Sabrina the Teenage Witch #3 raises the stakes for Sabrina Spellman and all her friends at Greendale High! Check out our reviews of Sabrina the Teenage Witch #1 and #2 if you haven’t caught up yet. When we last left Sabrina, she was in the middle of the hardest decision of her life. Is she more interested in charming jock Harvey or mysterious biker babe Ren? Then there’s the little B-plot of students becoming monsters hell-bent on killing her and all that.
What? You thought that was the point of this book?
Hunting Witches, & Witches On The Hunt
Sabrina the Teenage Witch #3 opens right where we left off in Sabrina the Teenage Witch #2. You know the old song and dance: Sabrina Spellman, the woods, a monster. Sabrina awakens to find herself in a tough pickle. Remember Allen? He’s the shy, nerdy kid who turned into an ancient Mesoamerican God in the last book. Well, right now he’s occupied with dragging a witch through the woods. One catch: the woods are a witch’s second home.
Sabrina is able to turn invisible to escape the monster but twists her ankle in the process. She can’t keep up with a healing spell and an invisibility cloak at the same time; so, she opts for the magical band-aid and books it to the nearest sign of civilization. Sabrina finds a trailer park where she’s miraculously saved! By… Radka? Plot twist! After going from Blair Witch to Mean Girls, Sabrina finds herself in a Sixteen Candles sort of situation as Radka’s twin brother Ren gives her a romantic motorcycle ride home. Luckily, a kiss from a handsome bad boy isn’t enough to distract our girl.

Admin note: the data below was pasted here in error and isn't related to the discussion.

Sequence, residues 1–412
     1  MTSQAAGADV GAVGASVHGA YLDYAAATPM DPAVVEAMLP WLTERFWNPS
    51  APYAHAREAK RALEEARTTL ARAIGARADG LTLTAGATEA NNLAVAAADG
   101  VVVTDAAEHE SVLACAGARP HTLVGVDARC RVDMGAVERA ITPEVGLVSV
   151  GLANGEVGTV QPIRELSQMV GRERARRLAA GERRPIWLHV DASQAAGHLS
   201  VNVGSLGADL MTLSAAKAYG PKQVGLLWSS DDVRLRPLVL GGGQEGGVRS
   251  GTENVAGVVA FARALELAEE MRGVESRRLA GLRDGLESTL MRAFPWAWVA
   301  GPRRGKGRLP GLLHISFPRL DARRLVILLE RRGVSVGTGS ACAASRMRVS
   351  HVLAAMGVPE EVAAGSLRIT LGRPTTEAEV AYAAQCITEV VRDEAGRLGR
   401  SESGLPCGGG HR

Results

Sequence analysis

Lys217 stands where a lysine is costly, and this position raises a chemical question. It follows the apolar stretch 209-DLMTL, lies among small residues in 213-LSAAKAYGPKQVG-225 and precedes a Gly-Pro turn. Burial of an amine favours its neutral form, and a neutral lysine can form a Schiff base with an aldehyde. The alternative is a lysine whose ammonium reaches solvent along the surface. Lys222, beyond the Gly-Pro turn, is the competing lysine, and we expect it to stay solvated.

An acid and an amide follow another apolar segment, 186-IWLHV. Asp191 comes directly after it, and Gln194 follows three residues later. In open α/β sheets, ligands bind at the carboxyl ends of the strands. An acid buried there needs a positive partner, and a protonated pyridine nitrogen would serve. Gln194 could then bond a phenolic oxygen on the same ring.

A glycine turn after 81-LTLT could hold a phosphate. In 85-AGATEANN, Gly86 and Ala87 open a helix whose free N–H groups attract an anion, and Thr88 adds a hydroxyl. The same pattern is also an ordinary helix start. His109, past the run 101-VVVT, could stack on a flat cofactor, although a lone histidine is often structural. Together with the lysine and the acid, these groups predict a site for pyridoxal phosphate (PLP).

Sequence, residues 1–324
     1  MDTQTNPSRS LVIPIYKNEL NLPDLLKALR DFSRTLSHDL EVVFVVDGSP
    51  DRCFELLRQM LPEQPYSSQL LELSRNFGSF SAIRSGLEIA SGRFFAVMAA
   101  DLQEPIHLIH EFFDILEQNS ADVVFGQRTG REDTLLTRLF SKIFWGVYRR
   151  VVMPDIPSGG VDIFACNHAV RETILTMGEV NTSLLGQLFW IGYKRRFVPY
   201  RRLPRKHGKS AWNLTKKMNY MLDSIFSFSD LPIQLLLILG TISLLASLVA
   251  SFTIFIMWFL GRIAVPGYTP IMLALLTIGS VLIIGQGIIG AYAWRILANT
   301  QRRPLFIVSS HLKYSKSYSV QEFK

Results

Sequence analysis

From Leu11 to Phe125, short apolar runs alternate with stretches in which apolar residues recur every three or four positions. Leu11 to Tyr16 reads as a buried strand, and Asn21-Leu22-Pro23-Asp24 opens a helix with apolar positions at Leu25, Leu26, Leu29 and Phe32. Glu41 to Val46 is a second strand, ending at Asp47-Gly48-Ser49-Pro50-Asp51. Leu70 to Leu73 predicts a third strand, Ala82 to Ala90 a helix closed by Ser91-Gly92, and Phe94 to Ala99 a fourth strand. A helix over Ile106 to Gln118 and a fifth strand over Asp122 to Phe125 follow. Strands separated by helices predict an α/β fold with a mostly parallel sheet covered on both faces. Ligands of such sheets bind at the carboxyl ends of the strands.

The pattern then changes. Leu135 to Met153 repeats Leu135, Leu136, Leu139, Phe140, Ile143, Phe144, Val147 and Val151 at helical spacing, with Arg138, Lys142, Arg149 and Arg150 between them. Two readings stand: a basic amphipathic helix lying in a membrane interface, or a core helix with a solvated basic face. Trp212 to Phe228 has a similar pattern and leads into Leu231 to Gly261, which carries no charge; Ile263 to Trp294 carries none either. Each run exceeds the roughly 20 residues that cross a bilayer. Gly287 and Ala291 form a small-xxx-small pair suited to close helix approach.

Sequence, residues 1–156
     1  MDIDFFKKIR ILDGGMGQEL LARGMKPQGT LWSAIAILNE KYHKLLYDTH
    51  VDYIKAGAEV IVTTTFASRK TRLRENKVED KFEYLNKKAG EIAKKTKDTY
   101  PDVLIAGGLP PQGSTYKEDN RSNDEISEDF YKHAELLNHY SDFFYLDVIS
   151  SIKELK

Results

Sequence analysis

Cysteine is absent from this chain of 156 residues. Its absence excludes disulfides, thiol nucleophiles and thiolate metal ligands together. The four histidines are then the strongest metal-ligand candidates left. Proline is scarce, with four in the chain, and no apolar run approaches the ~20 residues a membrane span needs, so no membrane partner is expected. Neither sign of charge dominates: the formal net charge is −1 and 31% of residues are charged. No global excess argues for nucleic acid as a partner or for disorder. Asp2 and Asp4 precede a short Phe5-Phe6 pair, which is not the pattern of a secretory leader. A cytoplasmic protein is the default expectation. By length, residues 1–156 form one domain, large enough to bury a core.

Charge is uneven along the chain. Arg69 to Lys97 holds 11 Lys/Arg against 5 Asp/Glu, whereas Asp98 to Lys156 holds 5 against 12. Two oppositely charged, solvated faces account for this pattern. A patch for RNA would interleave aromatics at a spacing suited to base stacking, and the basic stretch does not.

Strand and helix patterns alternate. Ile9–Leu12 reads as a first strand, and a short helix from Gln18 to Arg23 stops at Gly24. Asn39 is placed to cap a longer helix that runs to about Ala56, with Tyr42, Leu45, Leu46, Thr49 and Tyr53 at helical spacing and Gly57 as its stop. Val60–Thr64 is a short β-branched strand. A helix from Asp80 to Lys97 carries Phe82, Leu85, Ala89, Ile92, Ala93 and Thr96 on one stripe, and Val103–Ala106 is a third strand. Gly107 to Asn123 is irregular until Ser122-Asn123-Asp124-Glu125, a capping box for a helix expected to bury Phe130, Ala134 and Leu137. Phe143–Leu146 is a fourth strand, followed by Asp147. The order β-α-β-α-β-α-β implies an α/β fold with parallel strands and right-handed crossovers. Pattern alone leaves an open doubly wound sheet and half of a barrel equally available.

Sabrina, of course, does a responsible thing and tells her aunts about her encounter in the woods. Instead of supporting her, she winds up in an all-too-familiar teenage position: adults ignoring her. The two senior witches collect their supplies and get ready to rumble. Aunts Hilda and Zelda set out into the woods to perform a different type of witch hunt: the type that ends with a feathery snake head on a spike.
Thompson Wows In Sabrina The Teenage Witch #3
This issue has an interesting focus on Hilda and Zelda towards the end. As the grown-up Spellmans realize how dangerous their baby girl is really in, they’re fast enough to act. It really exemplifies the danger that comes from grown witches when they put their minds to it. The issue closes on the image of the cloaked aunts entering the woods in the dead of night.
Who comes to a Sabrina comic for the aunts, though? As usual, the star of the world is Sabrina herself. Kelly Thompson is no stranger to the sassy high school humor that a character like Sabrina needs. Her Sabrina is an eager love letter to the character, honoring fifty-seven years of publication with a modern twist. She’s as spunky and scatterbrained as ever, always ready to try something before fully thinking it through.